[Embargoed for release until 8 A.M. ET Friday, August 8, 2003, to coincide with a presentation at the meeting of the American Psychological Association in Toronto.]
MALE ATHLETES ALSO SUFFER FROM BODY IMAGE PROBLEMS, STUDY SHOWS
TORONTO – While eating disorders among athletes are often seen
as a problem mainly for women, some male athletes may also have their
own issues regarding body image, new research suggests.
A pilot survey of elite male athletes at one university found that about one in five believed they aren’t sufficiently muscular. While female athletes in the study said they wanted to lose weight (an average of 6.8 pounds), men wanted to gain weight – an average of 3.2 pounds.
“Some male athletes see pictures in men’s fitness magazines of big, extremely muscular men and feel that they don’t measure up,” said Jennifer Carter, a psychologist at the Ohio State University Sports Medicine Center.
Carter, who works with athletes at Ohio State, conducted this study of 882 athletes at the university, 57 percent of whom were men. She presented the results August 8 in Toronto at the annual meeting of the American Psychological Association.
If male athletes feel they are not lean and muscular enough – and combine that with unhealthy behaviors, such as use of performance-enhancing drugs – it could result in a body image disorder known as muscle dysmorphia.
This study showed that about 1.1 percent of male athletes may suffer from this disorder. Carter said this is one of the first studies to ask male athletes questions that could support such a diagnosis.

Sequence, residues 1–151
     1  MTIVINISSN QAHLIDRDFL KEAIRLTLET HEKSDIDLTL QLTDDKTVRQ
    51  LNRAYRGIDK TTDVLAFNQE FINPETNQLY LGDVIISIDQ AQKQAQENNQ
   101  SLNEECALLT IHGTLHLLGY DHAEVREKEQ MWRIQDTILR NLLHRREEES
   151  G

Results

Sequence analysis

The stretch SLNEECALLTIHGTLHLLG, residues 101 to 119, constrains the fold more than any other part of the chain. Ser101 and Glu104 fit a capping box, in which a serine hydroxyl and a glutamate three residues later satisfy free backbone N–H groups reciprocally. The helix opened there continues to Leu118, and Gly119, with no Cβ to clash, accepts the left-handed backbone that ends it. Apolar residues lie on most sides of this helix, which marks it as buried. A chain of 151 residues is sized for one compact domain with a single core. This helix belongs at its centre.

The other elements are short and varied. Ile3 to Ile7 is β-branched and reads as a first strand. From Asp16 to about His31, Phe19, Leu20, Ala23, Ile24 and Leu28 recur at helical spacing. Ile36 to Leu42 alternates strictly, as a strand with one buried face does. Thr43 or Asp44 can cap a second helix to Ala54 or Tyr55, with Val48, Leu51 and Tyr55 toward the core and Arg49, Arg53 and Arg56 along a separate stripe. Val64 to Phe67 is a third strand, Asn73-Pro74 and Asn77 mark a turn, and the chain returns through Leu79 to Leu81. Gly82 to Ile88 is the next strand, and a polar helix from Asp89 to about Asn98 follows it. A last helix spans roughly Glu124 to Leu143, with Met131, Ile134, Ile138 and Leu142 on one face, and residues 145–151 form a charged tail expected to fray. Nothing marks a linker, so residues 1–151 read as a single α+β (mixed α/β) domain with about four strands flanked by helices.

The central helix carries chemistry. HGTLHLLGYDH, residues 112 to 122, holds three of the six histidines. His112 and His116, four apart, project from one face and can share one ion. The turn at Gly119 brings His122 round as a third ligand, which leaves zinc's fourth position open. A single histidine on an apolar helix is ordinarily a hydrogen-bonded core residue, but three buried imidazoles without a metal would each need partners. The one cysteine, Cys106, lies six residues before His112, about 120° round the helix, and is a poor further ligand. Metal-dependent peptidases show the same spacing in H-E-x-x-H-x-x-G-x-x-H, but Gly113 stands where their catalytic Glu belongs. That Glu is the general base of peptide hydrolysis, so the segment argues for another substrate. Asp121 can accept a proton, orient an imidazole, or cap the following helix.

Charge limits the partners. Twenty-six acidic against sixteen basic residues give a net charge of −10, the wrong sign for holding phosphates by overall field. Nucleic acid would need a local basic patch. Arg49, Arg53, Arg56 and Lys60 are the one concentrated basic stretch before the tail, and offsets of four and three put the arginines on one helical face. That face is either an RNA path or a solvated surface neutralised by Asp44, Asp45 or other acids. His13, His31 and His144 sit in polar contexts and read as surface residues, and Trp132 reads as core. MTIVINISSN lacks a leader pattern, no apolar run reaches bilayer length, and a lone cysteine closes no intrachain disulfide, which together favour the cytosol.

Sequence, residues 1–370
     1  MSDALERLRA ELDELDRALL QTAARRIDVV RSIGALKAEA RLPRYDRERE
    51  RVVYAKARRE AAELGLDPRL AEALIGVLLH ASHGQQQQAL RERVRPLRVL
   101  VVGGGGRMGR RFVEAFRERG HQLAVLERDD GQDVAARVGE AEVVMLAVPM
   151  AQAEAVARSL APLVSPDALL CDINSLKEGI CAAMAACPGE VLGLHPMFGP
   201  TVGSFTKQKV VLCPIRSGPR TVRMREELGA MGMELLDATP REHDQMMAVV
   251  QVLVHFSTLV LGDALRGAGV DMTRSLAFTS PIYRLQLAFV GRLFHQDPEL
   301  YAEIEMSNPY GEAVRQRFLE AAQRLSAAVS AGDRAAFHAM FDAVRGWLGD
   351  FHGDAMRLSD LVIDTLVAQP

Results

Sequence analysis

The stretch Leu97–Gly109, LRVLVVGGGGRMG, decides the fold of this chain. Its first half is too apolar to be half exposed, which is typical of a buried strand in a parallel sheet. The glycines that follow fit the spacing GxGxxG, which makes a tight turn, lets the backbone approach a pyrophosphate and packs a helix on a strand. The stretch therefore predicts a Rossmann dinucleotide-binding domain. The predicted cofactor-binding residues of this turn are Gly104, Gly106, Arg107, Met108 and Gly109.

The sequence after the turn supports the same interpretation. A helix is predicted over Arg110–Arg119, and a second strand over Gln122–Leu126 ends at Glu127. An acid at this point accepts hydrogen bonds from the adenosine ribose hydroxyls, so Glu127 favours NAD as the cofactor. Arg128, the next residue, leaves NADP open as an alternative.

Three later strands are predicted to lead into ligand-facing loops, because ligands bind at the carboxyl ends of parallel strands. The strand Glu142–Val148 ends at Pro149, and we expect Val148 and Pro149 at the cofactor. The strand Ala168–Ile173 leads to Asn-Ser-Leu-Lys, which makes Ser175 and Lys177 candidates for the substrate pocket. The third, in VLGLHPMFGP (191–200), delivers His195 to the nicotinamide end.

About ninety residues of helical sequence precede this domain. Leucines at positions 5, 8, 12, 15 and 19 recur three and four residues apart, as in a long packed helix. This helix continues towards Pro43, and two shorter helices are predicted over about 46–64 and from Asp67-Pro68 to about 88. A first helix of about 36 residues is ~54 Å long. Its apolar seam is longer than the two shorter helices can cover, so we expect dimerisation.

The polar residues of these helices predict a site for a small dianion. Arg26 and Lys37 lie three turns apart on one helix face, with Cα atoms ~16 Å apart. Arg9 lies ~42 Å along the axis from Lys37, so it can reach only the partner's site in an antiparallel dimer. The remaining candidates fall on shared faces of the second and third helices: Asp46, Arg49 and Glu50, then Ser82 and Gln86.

“There hasn’t been a lot of research about eating disorders
among male athletes, but I think it may be a growing problem,” Carter
Sometimes their desire to be more muscular has little to do with improving their athletic performance.”
The survey asked several questions intended to find out what body image issues men had and what they were doing to become more muscular. Results showed:
The study of muscle dysmorphia in men is still relatively new, spurred by research by Harrison Pope and published in his book “The Adonis Complex,” Carter said. Muscle dysmorphia is not yet recognized as an official psychiatric disorder, mainly because there has been little research of the issue yet.
However, Carter said more attention needs to be focused on the problem.
“The issue for some men is meeting this ideal of the muscular bodybuilders they see in fitness magazines,” she said. “One thing we like to discuss with the male athletes is that these bodybuilders may be on steroids and their bodies may be unattainable without chemical assistance.”
This study, done in 2002, was the second yearly study Carter has done with athletes at the university. In both years, fewer than 2 percent had diagnosable eating disorders. Higher numbers showed symptoms associated with eating disorders – such as binge-eating and purging – but not severe enough to be listed as a disorder. The good news, Carter said, is that the percentage of athletes showing these symptoms declined from 2001 to 2002, from 15 percent to 12 percent.
In this year’s study, Carter also looked specifically at athletes in lean sports – sports in which there is added pressure to be lean for aesthetic or performance reasons. This includes sports such as gymnastics, swimming, diving, cross country and track.
The findings showed that 17.5 percent of athletes in lean sports showed symptoms of eating disorders, compared to 9.2 percent of athletes in non-lean sports, such as basketball, football and hockey.
“Even for the lean sports, there is not evidence that thinness equals better performance, Carter said. “But athletes in the lean sports feel added pressure to be thin, and may resort to unhealthy behaviors to achieve thin bodies.”
Contact: Jennifer Carter, (614) 293-2432;
Written by Jeff Grabmeier, (614) 292-8457; Grabmeier.firstname.lastname@example.org